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State Lags In Paying Share Of DA’s Salary

June 13th, 2019 Comments off

scalesPotter County Commissioners continue to await payment from the state for its share of District Attorney Andy Watson’s salary. Act 57 of 2005 obligates the state to pay the 65 percent of a full-time DA’s salary, which was increased by the state government to $182,184 in 2019. By law, the District Attorney’s salary is $1,000 less than the salary of a county’s President Judge. When those payments lag, the county covers the entire cost, a situation that does not sit well with commissioners across the state.

The commissioners this week received a long-overdue payment of $116,544 from the state as reimbursement for the D.A’s 2018 salary. Another $118,420 is due for 2019. According to a spokesman for the Office of Attorney General, the Criminal Justice Enhancement Account does not have enough funds to reimburse the full amount in a timely manner. As the funds continue to accumulate in the account, the state will make at least a partial payment for the overdue 2019 reimbursement.

Successful School Year For Career Mentor Program

June 7th, 2019 Comments off

Another successful year for the Career Mentor Program was celebrated with a luncheon at the Gunzburger Building in Coudersport. Beginning with the 2015-16 school year, the Potter County Education Council (PCEC) has partnered with school districts to place a dedicated professional staffer in each district. The mentor advises students on career planning; coordinates field trips, job shadowing and other opportunities for students to experience local jobs and professions; serves as a liaison between employers and educators; and communicates with students one-on-one to review options such as college, technical training, military service or direct employment following high school graduation. Nicole Brown Zaun serves as career mentor program supervisor for the PCEC. The program is supported by the Potter County Commissioners, Potter County Human Services, local school districts, and the Seneca Highlands Career & Technical Center. Shown from left at the annual luncheon are: Hailey Brown (Coudersport); Nicole Zaun; Virginia Kamper (Northern Potter); Heather Supplee (Galeton), Jennifer Osti (Austin), Alexis Reed (Port Allegany) and Jon Skipper (Seneca Highlands CTC).

Public Input Welcome On Comprehensive Plan

June 5th, 2019 Comments off

Residents of Potter, Cameron and McKean counties have another chance to speak their minds about their communities’ future during a public hearing on the Northern Pennsylvania Tri-County Comprehensive Plan. A project of commissioners and planning boards from the three counties, the plan will guide decision-makers across a broad spectrum of public policy areas for the 2020-29 decade. Its implications will be felt in everything from economic development, environmental conservation, transportation, employment, education, small business, community facilities and other areas. After the first round of public input, during which nearly 2,400 people participated across the three counties, the top issues that have emerged for action are:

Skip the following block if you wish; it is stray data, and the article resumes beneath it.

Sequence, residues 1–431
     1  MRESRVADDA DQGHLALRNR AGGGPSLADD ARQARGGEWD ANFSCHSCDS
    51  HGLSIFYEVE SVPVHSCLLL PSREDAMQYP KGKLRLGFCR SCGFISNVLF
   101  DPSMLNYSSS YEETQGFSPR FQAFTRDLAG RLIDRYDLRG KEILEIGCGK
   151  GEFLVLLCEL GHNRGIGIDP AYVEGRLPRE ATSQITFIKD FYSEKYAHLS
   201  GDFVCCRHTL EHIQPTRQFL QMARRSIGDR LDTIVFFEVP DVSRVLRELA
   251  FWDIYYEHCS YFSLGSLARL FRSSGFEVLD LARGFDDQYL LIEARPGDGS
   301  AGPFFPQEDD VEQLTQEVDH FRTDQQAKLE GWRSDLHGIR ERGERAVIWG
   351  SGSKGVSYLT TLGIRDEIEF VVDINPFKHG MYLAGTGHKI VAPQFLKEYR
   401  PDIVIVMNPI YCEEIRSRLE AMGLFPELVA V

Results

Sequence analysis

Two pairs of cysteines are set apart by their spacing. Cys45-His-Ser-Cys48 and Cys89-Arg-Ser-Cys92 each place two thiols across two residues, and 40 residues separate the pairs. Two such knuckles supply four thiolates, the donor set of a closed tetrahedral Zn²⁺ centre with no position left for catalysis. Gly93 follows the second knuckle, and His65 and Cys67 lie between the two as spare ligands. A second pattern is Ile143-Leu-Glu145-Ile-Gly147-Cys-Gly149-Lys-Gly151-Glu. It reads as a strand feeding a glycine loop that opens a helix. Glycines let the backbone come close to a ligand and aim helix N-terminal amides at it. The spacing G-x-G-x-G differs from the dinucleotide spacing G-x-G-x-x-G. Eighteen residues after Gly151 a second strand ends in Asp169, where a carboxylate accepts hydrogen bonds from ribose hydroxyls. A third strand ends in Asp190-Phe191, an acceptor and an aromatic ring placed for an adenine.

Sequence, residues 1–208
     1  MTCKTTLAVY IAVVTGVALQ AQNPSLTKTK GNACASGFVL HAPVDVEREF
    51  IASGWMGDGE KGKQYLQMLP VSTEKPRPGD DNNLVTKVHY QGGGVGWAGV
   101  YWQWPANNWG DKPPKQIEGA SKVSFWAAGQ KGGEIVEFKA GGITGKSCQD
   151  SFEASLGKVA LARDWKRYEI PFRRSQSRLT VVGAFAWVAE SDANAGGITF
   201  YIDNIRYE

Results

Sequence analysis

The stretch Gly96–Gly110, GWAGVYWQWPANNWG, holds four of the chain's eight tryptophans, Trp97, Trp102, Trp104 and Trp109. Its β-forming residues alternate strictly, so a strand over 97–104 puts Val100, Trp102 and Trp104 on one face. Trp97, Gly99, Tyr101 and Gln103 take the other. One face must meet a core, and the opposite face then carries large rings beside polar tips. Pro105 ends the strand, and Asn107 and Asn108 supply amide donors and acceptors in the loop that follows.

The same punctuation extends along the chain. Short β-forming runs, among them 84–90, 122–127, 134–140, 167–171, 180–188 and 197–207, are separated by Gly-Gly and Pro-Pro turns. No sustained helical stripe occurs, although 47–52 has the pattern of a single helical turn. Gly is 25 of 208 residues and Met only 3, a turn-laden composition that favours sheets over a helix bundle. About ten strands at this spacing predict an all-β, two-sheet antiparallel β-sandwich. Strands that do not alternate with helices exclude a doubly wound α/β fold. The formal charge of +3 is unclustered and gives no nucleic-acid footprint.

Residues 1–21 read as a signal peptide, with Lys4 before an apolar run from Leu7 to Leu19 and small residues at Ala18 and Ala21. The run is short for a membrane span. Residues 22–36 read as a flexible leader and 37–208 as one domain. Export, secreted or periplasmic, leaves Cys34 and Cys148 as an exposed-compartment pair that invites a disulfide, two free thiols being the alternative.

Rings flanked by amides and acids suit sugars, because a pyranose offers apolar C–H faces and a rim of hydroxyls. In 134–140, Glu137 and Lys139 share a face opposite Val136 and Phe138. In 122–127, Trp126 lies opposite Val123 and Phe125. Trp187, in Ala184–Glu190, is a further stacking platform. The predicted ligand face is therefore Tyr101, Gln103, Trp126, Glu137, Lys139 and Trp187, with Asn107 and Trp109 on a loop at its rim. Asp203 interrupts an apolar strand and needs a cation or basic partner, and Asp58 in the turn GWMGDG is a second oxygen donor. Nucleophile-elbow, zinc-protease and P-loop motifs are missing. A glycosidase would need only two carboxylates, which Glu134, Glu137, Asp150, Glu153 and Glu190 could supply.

• business attraction and workforce development;
  • protection of clean air, water and natural places;
  • expansion of infrastructure (including public works and high-speed internet);
  • enhanced attractions for tourism and recreation;
  • strengthening downtown amenities and community services;
  • investing in expanded housing;
  • addressing issues related to drug addiction.

Focus groups have been meeting to provide the framework. The public will have another opportunity to be heard during a three-county public meeting scheduled for 6-8 pm on Thursday, June 27, at Port Allegany High School. Input is also being accepted by planning directors Will Hunt (Potter), Jeremy Morey (McKean) and Cliff Clark (Cameron), and by consultant Joe Passmore at joseph.passmore@mbakerintl.com or 717-221-2061.

Initial research cited multiple public policy challenges that will be posed by declining population, combined with steady increases in median age. Implications will be felt in terms of needed services, changes in the job market, economics and other areas. While the master document covers a three-county region, the plan will include sections that are exclusive to each county. The plan is mandated by the state and must be updated every 10 years. Total cost is $115,000, with $80,000 covered by federal funding and the remaining $35,000 shared equally among Cameron, Potter and McKean counties.

2020 Census Job Fair Held As Potter County Prepares

May 30th, 2019 Comments off

Preliminary field work for the 2020 U.S. census in Potter County is well underway and temporary jobs are being filled, according to the county’s “census partners,” Commissioner Paul Heimel and Planning Director Will Hunt. They report that the U.S. Census Bureau is beginning to add staff all across the country. First in a series of local fairs was held last week at the Gunzburger Building in Coudersport. There will be part-time job opportunities to conduct field work and door-to-door assessments. Anyone interested in potential employment as a manager, crew leader, clerk, census representative or field agent can find information as well as apply for positions online at census.gov. More information is also by calling toll-free 1-855-562-2020.